- "Manhattan College gets market/parking garage - CityLand CityLand". Citylandnyc.org. July 15, 2006. Retrieved April 16, 2016.
- "America's Top Colleges 2019". Forbes. Retrieved August 15, 2019.
- "U.S. College Rankings 2019". Wall Street Journal/Times Higher Education. Retrieved May 7, 2019.
- "Best Colleges 2020: Regional Universities Rankings". U.S. News & World Report. Retrieved September 8, 2019.
- "2019 Rankings -- Masters Universities". Washington Monthly. Retrieved September 8, 2019.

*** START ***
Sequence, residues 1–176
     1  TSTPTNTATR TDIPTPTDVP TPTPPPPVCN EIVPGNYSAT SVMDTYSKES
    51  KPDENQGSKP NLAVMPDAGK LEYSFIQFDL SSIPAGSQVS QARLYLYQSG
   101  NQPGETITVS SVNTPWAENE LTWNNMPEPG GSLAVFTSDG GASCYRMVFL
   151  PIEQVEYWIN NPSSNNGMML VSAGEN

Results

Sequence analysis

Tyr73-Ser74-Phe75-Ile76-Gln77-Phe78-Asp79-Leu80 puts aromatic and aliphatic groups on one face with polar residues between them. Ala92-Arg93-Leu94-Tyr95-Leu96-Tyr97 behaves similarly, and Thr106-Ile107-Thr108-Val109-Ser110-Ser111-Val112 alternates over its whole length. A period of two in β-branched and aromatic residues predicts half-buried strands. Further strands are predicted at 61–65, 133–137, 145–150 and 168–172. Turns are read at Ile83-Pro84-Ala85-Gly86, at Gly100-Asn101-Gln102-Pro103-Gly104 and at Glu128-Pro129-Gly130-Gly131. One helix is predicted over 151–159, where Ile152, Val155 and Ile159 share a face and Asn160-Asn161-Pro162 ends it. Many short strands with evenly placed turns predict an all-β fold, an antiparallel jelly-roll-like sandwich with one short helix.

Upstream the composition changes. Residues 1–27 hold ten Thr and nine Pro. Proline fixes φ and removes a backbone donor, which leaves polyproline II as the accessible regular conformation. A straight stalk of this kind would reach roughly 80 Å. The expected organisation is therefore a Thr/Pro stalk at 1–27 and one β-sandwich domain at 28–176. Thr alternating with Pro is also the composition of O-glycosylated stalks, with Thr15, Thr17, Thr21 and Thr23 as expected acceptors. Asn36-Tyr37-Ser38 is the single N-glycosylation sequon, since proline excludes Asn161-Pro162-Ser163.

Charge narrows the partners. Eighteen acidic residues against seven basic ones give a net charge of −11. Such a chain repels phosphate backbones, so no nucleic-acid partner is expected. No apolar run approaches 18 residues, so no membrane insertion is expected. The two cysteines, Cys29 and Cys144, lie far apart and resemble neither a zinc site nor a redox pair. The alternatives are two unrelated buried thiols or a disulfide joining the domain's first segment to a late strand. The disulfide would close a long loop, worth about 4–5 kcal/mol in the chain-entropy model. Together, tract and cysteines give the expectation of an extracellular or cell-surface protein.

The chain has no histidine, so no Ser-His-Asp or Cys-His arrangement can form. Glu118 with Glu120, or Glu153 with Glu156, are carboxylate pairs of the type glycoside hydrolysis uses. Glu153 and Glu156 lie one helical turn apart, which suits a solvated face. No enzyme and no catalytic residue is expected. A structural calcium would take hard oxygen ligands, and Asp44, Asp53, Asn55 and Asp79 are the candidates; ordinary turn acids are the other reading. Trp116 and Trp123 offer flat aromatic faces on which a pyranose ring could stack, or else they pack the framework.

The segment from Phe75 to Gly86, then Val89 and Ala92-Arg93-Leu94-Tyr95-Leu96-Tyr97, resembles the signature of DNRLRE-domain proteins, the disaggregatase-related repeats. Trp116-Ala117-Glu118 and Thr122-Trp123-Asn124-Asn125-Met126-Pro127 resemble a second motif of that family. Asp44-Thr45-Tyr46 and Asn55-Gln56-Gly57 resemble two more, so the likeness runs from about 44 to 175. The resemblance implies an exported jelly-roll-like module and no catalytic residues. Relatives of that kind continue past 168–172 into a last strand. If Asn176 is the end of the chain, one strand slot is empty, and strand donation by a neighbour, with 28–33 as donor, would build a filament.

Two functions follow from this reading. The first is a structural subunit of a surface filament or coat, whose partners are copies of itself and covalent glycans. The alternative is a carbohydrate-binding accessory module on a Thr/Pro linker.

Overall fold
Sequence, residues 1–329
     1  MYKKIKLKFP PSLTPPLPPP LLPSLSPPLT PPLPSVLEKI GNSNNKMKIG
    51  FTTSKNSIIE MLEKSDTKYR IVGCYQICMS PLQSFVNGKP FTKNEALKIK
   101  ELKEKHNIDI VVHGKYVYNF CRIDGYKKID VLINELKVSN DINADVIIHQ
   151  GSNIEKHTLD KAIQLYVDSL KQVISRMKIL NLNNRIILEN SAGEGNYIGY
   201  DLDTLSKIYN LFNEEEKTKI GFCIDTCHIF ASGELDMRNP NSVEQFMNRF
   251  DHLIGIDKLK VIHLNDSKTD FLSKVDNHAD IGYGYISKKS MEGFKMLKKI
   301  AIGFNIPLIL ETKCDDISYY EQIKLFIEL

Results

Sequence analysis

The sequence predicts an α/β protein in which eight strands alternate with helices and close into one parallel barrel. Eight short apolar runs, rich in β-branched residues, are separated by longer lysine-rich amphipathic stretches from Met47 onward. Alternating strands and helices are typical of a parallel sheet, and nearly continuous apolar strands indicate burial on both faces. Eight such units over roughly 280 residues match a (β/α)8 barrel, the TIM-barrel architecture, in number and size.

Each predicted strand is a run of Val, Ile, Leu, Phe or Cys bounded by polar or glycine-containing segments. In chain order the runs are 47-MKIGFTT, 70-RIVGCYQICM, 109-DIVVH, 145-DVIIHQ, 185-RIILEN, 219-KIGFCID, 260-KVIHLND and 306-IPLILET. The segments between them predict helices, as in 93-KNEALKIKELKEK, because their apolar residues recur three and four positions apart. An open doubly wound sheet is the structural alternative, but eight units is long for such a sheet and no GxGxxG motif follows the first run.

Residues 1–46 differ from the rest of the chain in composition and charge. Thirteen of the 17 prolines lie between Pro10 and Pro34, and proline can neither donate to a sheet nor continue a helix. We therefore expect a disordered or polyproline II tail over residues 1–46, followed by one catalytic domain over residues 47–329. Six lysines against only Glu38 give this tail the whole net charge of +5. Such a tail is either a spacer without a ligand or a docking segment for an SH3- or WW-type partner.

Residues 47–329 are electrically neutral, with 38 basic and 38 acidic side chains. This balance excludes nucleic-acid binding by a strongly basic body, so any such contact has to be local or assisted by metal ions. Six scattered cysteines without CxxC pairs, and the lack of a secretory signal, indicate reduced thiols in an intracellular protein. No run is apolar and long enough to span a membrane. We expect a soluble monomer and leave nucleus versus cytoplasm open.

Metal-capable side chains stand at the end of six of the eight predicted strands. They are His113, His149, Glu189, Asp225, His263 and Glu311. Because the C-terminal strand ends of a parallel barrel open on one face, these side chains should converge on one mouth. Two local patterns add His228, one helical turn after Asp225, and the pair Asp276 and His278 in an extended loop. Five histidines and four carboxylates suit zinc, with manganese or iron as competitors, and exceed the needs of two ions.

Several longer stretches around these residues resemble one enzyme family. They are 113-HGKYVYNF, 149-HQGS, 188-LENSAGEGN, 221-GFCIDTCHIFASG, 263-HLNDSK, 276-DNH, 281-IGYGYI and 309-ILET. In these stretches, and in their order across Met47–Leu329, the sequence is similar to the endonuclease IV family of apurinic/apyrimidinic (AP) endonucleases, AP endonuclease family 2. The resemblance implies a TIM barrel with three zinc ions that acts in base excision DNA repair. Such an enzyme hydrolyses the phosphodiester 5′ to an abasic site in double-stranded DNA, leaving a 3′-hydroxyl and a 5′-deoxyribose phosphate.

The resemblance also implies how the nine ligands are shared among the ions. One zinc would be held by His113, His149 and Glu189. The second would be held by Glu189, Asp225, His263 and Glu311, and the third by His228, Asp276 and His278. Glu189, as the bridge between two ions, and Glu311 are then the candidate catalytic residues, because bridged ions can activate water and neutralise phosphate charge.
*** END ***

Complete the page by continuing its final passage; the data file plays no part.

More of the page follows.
- 2009-10 Men's & Women's Cross Country/Track & Field Media Guide (PDF). New York: Manhattan College. 2010. p. 22.
- "What Is a Jasper?". Manhattan College. Retrieved December 16, 2007.
- Manhattan College all-time football records by opponent
- "Manhattan Lacrosse 2002 Roster, Schedule, and Stats". Lax.com. Retrieved August 31, 2012.
- NCAA Division I lacrosse results, schedule – College Sports – ESPN
-  Archived 2014-03-10 at the Wayback Machine, Manhattan College (www.manhattan.edu)
- " Archived 2012-06-28 at the Wayback Machine", Manhattan College Performing Arts Webpage
- "Clubs & Organizations". Manhattan College. Retrieved September 12, 2017.
- Vincent Draddy, accessed March 20, 2011.